MIT Researchers working on glasses-free 3D for cinemas

Viewing digital images in 3D, whether it be in a theater or with something like a VR headset, operate on the same principles of separating what the left eye sees from what the right eye sees. Coincidentally, both those cases also have something in common: the need to use some eyepiece or, worse, headgear, to experience "true" 3D visuals. Glasses-free 3D has been a holy grail, especially in the entertainment industry, where solutions like that found on the Nintendo 3DS are too expensive to put on a giant screen. Luckily, researchers from MIT are working on such a solution and are calling it, what else, "Cinema 3D".

At its core, Cinema 3D works the same way as the Nintendo 3DS and some glasses-free 3D TVs, utilizing a technique known as parallax barrier. This puts slits in front of the image source, usually an LCD, that splits light and images so that one eye only sees one specific set of pixels or images while the other eye receivers a different set. This creates a parallax effect which ultimately replicates seeing in 3D.

The problem with parallax barriers is that they don't scale well to larger screens, particular the sizes seen in cinemas. Cinemas are particularly problematic because each viewer is seated at a different angle from the screen, making parallax barriers rather ineffective. Ironically, it is also that very layout of the cinema that has given researchers at MIT's Computer Science and Artificial Intelligence Lab (CSAIL) the idea for a solution. In essence, because viewers are ultimately confined to their seats, they have very limited head movement range. So, unlike on a 3D TV or Nintendo 3DS, a screen can have multiple parallax barriers showing only a narrow range of images, so that each viewer basically gets his or her own barrier for their specific viewing angle.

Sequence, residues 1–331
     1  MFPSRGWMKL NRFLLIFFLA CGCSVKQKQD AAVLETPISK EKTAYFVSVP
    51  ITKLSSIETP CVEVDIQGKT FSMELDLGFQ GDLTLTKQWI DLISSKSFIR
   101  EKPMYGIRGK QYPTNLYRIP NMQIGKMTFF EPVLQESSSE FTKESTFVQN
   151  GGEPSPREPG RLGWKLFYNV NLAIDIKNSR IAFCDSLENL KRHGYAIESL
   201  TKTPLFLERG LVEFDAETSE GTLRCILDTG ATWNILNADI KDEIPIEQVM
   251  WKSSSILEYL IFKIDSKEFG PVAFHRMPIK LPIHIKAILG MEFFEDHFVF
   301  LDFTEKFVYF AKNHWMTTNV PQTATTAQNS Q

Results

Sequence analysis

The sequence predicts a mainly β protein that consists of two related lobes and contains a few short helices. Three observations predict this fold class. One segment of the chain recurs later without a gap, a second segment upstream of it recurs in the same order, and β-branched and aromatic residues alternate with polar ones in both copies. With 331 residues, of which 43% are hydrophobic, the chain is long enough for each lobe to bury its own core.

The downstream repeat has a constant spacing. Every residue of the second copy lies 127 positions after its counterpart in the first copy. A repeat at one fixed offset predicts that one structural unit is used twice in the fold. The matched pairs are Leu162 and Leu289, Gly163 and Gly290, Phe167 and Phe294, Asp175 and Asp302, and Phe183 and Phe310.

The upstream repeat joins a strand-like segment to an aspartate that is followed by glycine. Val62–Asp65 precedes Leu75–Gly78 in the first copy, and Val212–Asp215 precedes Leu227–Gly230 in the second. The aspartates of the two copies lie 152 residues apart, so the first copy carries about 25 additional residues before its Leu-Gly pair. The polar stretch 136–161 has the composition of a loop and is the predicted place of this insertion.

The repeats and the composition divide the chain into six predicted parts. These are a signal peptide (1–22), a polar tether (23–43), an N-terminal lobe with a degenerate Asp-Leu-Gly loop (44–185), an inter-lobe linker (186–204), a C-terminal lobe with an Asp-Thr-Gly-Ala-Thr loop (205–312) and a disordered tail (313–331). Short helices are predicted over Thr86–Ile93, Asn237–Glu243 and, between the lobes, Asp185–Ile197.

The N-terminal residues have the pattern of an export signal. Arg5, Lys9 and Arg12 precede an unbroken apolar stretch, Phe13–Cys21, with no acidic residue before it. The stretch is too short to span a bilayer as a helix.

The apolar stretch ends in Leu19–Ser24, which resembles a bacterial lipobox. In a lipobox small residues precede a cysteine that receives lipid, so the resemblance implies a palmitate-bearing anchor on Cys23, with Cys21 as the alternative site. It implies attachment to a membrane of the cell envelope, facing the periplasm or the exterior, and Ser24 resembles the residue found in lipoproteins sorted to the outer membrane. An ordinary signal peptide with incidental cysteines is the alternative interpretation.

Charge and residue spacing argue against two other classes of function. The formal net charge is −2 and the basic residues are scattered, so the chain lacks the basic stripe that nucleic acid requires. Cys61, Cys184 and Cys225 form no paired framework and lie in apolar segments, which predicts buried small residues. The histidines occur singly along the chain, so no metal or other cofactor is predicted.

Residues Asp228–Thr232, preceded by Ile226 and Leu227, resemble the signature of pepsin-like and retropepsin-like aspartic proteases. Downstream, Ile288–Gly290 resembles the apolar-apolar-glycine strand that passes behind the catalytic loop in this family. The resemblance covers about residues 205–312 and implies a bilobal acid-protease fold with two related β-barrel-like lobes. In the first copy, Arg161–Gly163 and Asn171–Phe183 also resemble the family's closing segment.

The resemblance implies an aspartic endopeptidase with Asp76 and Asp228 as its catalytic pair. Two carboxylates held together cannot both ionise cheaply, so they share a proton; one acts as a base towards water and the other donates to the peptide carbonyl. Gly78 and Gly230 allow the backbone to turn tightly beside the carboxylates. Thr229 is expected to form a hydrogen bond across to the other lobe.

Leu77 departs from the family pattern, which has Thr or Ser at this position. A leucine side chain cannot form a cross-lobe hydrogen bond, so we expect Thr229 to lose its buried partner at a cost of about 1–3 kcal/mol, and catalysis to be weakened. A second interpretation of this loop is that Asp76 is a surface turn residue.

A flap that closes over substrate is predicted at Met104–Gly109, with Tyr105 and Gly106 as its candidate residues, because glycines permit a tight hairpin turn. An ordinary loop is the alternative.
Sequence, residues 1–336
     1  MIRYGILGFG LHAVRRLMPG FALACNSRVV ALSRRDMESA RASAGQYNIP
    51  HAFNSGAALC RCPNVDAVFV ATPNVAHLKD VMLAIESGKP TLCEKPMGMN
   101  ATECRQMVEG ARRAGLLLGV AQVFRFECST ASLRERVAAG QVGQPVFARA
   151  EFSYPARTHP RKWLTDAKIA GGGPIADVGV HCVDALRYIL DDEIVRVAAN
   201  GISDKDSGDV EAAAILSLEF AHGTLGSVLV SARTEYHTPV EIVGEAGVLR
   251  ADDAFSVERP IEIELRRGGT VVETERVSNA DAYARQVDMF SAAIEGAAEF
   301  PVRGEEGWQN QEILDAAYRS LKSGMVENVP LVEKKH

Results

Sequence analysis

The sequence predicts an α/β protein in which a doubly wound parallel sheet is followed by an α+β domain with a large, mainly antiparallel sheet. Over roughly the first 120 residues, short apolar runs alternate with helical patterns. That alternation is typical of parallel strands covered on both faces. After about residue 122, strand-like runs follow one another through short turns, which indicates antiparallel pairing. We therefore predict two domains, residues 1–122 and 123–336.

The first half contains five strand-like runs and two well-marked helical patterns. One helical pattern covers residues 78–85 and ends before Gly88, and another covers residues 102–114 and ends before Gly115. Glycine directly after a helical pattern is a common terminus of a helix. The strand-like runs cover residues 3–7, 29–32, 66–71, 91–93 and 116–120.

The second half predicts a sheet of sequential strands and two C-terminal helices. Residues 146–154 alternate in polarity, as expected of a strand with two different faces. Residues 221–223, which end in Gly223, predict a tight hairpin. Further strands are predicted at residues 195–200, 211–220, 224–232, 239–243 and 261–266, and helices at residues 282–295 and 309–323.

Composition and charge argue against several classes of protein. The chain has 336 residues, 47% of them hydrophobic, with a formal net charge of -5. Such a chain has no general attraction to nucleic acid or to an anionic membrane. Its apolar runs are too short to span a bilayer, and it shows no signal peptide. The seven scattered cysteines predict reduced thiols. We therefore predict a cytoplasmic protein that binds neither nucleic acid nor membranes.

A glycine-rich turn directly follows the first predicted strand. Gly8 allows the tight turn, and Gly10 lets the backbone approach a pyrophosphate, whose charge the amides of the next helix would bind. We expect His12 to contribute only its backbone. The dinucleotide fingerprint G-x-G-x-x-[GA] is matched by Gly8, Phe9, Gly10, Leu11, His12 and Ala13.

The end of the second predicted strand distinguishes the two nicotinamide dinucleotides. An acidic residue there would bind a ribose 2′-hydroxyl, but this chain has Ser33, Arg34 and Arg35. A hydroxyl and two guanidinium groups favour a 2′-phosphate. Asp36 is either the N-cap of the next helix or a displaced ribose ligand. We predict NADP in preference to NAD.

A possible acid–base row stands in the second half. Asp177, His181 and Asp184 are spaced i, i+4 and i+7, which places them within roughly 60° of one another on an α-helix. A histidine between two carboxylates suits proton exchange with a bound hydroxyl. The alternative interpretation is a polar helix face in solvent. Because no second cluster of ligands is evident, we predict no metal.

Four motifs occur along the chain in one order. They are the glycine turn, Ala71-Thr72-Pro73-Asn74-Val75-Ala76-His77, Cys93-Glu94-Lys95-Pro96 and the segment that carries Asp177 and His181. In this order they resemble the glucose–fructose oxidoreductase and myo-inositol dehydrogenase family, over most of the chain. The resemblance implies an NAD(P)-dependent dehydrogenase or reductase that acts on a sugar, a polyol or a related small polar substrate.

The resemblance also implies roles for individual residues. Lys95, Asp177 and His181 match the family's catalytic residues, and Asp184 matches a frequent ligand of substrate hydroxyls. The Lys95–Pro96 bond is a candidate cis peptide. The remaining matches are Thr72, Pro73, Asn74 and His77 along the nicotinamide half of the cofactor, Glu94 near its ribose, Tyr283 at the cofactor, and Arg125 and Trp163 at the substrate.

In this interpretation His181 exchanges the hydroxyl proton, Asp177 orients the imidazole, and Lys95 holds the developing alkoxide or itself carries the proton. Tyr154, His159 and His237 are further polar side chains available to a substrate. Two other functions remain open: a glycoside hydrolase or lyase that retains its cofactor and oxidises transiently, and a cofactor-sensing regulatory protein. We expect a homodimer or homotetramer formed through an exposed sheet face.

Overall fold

That seems to work well on paper, but Cinema 3D is far from fulfilling the glasses-free 3D dream just yet. The prototype at the moment is no larger than a pad of paper but already makes use of 50 sets of mirrors and lenses. The researchers, however, are confident that a larger version will be just a feasible and affordable.